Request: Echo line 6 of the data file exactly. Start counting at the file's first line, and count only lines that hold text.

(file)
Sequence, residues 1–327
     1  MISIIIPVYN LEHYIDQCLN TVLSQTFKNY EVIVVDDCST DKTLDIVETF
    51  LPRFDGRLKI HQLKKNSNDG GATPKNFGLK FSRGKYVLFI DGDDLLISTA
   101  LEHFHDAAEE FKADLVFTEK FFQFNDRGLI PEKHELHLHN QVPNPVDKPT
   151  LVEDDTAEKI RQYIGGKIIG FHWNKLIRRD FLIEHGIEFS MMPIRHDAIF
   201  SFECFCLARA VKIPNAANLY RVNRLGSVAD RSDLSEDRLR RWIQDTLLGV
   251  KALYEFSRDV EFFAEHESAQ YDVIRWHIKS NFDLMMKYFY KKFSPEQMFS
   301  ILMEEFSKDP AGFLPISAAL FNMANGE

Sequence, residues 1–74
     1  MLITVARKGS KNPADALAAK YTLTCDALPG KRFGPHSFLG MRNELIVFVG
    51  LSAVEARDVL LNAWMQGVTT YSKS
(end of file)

   201  SFECFCLARA VKIPNAANLY RVNRLGSVAD RSDLSEDRLR RWIQDTLLGV